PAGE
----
Canucks’ power play suffers correction as Blues gain more momentum

The St. Louis Blues take both games in the back-to-back to even the series up at two a piece as they beat the Vancouver Canucks 3-1 with two goals from Ryan O'Reilly.

EDMONTON — The Vancouver Canucks’ power play had on Monday what economists call a market correction – and not in a good way. So did the Canucks team.

After winning five straight playoff games, the Canucks lost for the second time in 24 hours to the powerful St. Louis Blues, whose 3-1 victory at Rogers Place tied their first-round series at 2-2 and brought the reigning Stanley Cup champions to full throttle after their sputtering start to the NHL’s summer tournament.

The superior goaltending and lethal special-teams play that had powered the Canucks have suddenly disappeared as advantages.

Goalie Jacob Markstrom was excellent again, but so was St. Louis netminder Jake Allen. The Blues’ power play outscored the Canucks’. Bo Horvat, who looked like a freight train while scoring four times in the first two games of the series, crashed heavily into the boards early in Game 4 and rarely looked at top speed. In fact, he looked in pain several times.

There wasn’t an inspired effort from anyone at the top of the Vancouver lineup, and even wonder-boy defenceman Quinn Hughes was powerless to change momentum as his historic rookie playoff scoring streak ended at six games.

Oh, and the Canucks are being pillaged by a hairy monster named Ryan O’Reilly, who looks like the best player in the playoffs.

Technically, the first-round series is still only tied. But it sure seems like the Blues are in control after sweeping back-to-back games for St. Louis’ first wins of any kind since March.

“We played a hard back-to-back against the Stanley Cup champs,” Canucks winger J.T. Miller said. “We knew it was a tall task. We were one shot away from going up 3-0 (before losing 3-2 in overtime on Sunday) and tonight it was 1-1 5-on-5. It’s not like we’re getting our butts whipped up and down the rink. They’re a good team, we’re a good team. It’s going to be a hard, long series. We signed up for that.

“The mindset is: have a good day off tomorrow and come back ready to go because it’s going to be another battle.”

The Blues have turned the battle.

They outshot the Canucks 37-23 in Game 4, scoring twice on the power play while blanking Vancouver’s potent man-advantage unit on seven chances. The Canucks generated so little pressure around Allen that coach Travis Green pureed his forward lines in the third period and twice sent out top centre Elias Pettersson to play with rookie grinder Zack MacEwen.

Perhaps there was a message in that deployment for Pettersson.

The Canucks appear to have no antidote for O’Reilly, the Selke Trophy and Conn Smyth winner who started the series by making Pettersson, Miller and Brock Boeser disappear at even-strength and has decided to start scoring now, too.

He had two goals and an assist Monday and has so tilted the ice toward the Canucks end that the Blues have generated 79 per cent of shot attempts when O’Reilly is playing.

“Obviously, he’s a smart player,” Vancouver defenceman Chris Tanev said. “He’s a very talented player. He’s thinking one step ahead of everyone out there. He does everything well. From faceoffs to winning board battles to scoring goals, he’s a full 200-foot player. We’ve got to find a way to slow down that line.”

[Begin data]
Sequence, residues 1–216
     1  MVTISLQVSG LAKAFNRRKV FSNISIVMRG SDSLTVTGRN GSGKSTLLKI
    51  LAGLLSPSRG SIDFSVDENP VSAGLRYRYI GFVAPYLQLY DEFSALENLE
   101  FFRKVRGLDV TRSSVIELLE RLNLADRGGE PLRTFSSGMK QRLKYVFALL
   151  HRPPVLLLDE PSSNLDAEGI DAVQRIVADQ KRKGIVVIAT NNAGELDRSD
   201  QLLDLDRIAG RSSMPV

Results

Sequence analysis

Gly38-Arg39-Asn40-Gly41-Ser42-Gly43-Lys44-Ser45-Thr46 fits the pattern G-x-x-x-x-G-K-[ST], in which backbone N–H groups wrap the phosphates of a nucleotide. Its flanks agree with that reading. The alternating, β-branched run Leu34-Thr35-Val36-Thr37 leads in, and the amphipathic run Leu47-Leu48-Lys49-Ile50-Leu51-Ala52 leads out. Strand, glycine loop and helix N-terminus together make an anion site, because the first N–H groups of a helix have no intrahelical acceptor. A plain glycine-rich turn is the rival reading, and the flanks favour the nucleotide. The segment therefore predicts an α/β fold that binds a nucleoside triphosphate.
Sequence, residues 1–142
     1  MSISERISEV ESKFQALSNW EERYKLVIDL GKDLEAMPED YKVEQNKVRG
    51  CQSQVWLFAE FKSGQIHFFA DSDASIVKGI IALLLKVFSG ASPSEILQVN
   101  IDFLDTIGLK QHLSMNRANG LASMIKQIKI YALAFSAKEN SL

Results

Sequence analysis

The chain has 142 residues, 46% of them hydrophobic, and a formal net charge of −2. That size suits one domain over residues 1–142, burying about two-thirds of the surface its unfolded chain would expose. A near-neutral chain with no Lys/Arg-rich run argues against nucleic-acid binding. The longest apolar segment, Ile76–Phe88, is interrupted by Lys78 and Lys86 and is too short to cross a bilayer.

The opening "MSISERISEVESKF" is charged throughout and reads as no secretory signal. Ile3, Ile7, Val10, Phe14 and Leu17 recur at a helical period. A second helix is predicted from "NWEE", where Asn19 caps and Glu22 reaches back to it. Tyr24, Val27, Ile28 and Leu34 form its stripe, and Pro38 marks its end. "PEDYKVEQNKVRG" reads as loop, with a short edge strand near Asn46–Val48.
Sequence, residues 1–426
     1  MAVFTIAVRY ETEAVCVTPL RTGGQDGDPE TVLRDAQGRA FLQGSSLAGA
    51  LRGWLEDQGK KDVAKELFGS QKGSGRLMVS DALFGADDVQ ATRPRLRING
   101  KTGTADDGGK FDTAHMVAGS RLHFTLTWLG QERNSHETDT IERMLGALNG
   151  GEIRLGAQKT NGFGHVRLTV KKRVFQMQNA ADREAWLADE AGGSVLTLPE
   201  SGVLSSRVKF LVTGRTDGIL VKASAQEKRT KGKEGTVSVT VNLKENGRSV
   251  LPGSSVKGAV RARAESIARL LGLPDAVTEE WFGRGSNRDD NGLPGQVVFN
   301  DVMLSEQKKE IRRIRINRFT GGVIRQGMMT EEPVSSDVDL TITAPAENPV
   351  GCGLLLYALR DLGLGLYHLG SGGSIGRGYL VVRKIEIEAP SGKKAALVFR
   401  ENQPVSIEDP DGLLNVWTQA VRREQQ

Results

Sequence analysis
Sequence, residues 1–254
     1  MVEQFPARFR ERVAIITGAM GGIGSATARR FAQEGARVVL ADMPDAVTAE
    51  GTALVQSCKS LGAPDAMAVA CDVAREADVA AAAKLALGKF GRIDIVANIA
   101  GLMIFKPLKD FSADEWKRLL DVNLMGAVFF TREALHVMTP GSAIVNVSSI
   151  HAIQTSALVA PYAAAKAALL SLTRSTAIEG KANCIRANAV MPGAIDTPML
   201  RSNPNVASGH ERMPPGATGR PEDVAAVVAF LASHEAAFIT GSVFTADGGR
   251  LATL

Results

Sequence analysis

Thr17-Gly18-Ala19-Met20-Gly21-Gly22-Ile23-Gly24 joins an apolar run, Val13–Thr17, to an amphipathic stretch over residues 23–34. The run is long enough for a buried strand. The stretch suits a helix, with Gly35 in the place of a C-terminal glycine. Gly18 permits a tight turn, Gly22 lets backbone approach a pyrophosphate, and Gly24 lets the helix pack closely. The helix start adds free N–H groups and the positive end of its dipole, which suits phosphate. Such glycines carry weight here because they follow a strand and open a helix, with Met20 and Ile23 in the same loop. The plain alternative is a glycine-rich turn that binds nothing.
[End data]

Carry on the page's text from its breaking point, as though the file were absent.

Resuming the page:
Miller has an idea for that.

“I don’t think we played in their end a whole lot 5-on-5,” he said. “We’re not getting enough pucks off forechecks (or) creating enough zone time. You guys ask a lot questions about O’Reilly and he’s a heckuva player, no doubt. But he’s spending no time in his own end and a lot in ours. I think we can challenge ourselves to be better and win more pucks in their end of the rink so they’re wasting their shifts defending instead of the other way around.”

Having crushed it on special teams in the playoffs, the Canucks fell behind 1-0 in the first period when the Blues’ scored on the power play at 16:43 – after Vancouver was ineffective on three advantages of its own.

O’Reilly collected the lively end-boards rebound from Alex Pietrangelo’s wayward point shot and flipped the puck in from a sharp angle before Markstrom could fully react.

The Canucks snatched an equalizer 40 seconds into the second period when Miller bounced a high-slot deflection past Allen after Pietrangelo played the puck straight to Vancouver defenceman Alex Edler at the point.

The goal could have been a launchpad for Vancouver. Instead, St. Louis, aided by three straight Canucks penalties, dominated the period and built its first two-goal lead of the series.

O’Reilly – who else? – made it 2-1 at 6:52 when Edler and defence partner Troy Stecher both converged on David Perron, leaving a four-lane highway to the net for O’Reilly, who deftly lifted a backhand into the top corner.

Edler’s period got worse. About three minutes after missing the St. Louis net with a bouncing puck on a quick breakaway, the defenceman scored an own-goal to make it 3-1 at 15:47. In fairness to Edler, if he didn’t put it in, Blues forward Brayden Schenn, open at the back post for a tap-in, likely would have during a two-man advantage made possible by a needless roughing penalty to MacEwen and a boarding call against Oscar Fantenberg.

St. Louis also hit a couple of posts and could have had the win sealed after 40 minutes. In the final 20, the Canucks managed just seven shots.

“The games are so tight and so close, we’ve got to keep going,” Markstrom said.

The Canucks’ mental strength will be tested until Game 5 on Wednesday. It only feels like they’re losing the series.


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